Chilly charity: Central peninsula residents take a swim to support local youth organizations

Posted: Monday, January 17, 2011

The tense minutes leading up to the first Central Peninsula Polar Plunge on Saturday afternoon were filled primarily with the excited chatter of curious inquiry: "Are you jumping?" one attendee would ask another. This question was, more often than not, met with an emphatic and definite, "Hell no!"

Photo By M. Scott Moon
Photo By M. Scott Moon
With a beaver skin hat -- and not much else -- for warmth, Matt Moore heads from the cold air to the cold water Saturday afternoon during the Central Peninsula Polar Plunge at Daubenspeck Park. The event raised money for four different youth groups.

Still, though sanity got the better of most of the crowd that turned out for the fundraiser, event coordinator Kelly Wolf estimates that around 100 people jumped, plunged, belly-flopped, and cannonballed into the pond in Daubenspeck Family Park to raise money for various local youth programs.

A large, rectangular chunk of the 20-inch thick ice was removed from an area near the pond's edge, revealing the murky, menacing water underneath. Three launching posts (i.e. rubber mats) were placed for the participants along the length of the opening, although most jumps occurred only two at a time.

Saturday saw the likes of a gladiator, a fairy princess, a wrestler, and other costumed individuals ham it up for the crowd before they leapt into the 34-degree pond water. A real-life lawyer even showed up to drench himself for the benefit of others, though dressed up he was not.

"It takes your breath away," Andy Pevehouse, an assistant public defender in Kenai, said of the experience. "Literally. You can't breathe."

Once in the water, shocked swimmers would scramble frantically for the overhanging ladder and emerge back onto land, where the air greeted them at a temperature hovering around 0 degrees.

"My brother kept telling me 'Go! Go! Go!'" said Danna Spring, 17, of jumping in with her older brother Remy Spring, 21. "So I was trying to get out as fast as I could, but your body just freezes up."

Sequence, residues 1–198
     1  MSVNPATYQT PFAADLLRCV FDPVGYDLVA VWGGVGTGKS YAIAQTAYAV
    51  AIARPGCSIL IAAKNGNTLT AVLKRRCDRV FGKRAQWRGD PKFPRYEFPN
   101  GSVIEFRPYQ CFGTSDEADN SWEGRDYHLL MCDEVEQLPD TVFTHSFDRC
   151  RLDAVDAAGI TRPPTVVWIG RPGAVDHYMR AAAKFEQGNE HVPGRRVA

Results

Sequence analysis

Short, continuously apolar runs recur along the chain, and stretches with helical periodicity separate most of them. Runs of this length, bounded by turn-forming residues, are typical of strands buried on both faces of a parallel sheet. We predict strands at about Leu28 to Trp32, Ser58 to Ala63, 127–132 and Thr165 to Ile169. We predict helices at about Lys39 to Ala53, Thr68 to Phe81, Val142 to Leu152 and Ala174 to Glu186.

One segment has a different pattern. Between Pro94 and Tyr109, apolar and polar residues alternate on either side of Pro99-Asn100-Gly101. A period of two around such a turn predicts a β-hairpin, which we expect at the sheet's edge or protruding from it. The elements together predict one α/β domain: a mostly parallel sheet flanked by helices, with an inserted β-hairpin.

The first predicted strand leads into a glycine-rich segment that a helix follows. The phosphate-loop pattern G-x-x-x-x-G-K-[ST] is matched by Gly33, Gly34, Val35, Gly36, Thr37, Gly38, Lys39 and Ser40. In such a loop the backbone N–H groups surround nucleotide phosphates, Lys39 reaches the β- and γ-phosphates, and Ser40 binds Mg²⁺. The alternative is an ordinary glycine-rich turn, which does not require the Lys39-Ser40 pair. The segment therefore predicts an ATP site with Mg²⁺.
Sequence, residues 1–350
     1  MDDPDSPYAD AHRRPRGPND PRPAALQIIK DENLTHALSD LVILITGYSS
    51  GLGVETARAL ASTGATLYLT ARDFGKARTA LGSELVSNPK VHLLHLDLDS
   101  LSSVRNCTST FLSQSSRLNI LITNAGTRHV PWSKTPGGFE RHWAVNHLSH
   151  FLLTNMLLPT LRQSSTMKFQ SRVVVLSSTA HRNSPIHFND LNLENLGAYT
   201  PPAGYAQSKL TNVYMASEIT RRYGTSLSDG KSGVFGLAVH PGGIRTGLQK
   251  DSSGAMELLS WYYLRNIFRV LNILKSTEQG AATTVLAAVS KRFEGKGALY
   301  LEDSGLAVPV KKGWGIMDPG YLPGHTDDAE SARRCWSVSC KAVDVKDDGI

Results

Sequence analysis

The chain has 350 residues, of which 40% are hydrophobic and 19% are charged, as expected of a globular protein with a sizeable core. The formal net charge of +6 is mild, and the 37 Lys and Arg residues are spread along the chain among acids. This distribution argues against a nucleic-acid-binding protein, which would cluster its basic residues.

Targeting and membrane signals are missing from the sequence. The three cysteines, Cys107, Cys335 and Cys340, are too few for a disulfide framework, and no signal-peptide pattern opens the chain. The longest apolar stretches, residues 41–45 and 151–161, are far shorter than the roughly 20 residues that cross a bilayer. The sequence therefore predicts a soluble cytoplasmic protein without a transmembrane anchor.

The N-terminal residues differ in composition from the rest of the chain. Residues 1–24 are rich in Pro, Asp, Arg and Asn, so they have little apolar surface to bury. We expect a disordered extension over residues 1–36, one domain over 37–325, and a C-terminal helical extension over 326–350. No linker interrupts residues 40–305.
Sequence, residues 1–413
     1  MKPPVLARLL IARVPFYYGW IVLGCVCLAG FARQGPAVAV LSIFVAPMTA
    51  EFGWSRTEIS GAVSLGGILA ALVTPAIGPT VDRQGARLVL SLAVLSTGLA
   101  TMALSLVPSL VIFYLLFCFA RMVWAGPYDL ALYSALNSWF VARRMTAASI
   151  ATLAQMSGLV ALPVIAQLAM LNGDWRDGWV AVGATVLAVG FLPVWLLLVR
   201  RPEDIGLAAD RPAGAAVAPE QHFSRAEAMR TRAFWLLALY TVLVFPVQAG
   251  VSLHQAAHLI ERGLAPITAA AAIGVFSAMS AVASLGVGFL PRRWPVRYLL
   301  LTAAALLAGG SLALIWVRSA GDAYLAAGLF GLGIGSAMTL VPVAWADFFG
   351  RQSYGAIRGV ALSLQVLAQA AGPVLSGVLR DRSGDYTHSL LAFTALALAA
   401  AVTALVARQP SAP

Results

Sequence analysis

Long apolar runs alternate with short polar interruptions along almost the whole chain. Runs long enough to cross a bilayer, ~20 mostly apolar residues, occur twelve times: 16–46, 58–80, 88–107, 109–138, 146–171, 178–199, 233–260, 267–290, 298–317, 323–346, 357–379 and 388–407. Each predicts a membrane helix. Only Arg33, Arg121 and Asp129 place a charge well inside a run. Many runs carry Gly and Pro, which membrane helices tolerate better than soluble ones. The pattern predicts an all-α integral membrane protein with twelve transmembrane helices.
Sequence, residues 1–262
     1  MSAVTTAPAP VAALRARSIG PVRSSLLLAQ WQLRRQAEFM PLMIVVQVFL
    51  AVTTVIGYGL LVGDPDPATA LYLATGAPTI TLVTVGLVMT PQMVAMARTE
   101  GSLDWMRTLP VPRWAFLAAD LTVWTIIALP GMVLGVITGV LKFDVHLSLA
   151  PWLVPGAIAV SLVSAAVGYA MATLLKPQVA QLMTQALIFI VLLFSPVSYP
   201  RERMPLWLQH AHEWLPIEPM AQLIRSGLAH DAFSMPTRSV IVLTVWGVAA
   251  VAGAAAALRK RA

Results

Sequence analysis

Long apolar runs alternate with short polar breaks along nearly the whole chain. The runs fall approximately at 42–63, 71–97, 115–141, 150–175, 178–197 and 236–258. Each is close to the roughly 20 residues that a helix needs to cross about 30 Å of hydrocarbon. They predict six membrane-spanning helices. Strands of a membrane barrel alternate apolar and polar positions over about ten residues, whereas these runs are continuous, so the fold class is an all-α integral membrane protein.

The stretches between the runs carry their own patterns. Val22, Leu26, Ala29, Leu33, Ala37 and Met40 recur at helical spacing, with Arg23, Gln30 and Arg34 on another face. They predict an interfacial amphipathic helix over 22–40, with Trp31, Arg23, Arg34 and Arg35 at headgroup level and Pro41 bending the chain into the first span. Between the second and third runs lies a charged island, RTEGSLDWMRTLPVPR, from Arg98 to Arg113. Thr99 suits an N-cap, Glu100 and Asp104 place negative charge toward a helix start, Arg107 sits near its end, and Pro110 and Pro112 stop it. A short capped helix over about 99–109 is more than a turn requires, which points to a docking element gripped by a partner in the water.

Though most people would probably have to be paid to do something this painfully uncomfortable, most participants of the Polar Plunge donated $100 -- either of their own money or that obtained through sponsorships -- to receive a sudden jolt to their core temperatures.

"I have no idea how much money we raised," said Wolf. "Not even a clue."

Less adventurous or able attendees could pay $50 to take the "dry plunge," which entailed having a photograph taken with the massive ice block that had earlier been removed from the pond. A small notch at the top of the block was carved out for the subject to rest their head in, thereby creating the illusion of a human ice cube.

All proceeds from the event will be distributed to local non-profits promoting youth programs. Friends of Athletes with Disabilities, Youth Restoration Corps, the Kenai Peninsula Native Youth Olympic Wolf Pack team, and Bridges Community Resource Network are the four entities that have been chosen to receive the earnings.

"We wanted to make sure that we could assist and help as many kids as we possibly could," Wolf said.

Though he doesn't yet know how much money was raised, Wolf counts the first Polar Plunge as a total success.

"I didn't expect this many people," he said of the crowd of 300 that showed up, "but obviously the central Peninsula supports the kids."

"You bet your cold feet we'll do it again next year," he added. "There will be many more to come."

Karen Garcia can be reached at

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